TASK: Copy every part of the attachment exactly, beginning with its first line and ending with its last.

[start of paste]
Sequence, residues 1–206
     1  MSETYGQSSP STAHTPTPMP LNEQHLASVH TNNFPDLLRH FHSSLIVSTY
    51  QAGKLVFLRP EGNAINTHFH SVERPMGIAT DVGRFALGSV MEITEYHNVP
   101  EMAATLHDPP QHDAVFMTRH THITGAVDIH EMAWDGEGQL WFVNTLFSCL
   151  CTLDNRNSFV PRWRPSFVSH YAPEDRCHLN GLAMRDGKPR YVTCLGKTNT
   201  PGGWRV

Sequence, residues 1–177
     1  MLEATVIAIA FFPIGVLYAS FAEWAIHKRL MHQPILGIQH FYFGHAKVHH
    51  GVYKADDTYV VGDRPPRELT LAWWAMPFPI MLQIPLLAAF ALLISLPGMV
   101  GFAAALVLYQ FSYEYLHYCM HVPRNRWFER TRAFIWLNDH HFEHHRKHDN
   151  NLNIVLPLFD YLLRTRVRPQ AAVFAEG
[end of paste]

Sequence, residues 1–206
     1  MSETYGQSSP STAHTPTPMP LNEQHLASVH TNNFPDLLRH FHSSLIVSTY
    51  QAGKLVFLRP EGNAINTHFH SVERPMGIAT DVGRFALGSV MEITEYHNVP
   101  EMAATLHDPP QHDAVFMTRH THITGAVDIH EMAWDGEGQL WFVNTLFSCL
   151  CTLDNRNSFV PRWRPSFVSH YAPEDRCHLN GLAMRDGKPR YVTCLGKTNT
   201  PGGWRV

Sequence, residues 1–177
     1  MLEATVIAIA FFPIGVLYAS FAEWAIHKRL MHQPILGIQH FYFGHAKVHH
    51  GVYKADDTYV VGDRPPRELT LAWWAMPFPI MLQIPLLAAF ALLISLPGMV
   101  GFAAALVLYQ FSYEYLHYCM HVPRNRWFER TRAFIWLNDH HFEHHRKHDN
   151  NLNIVLPLFD YLLRTRVRPQ AAVFAEG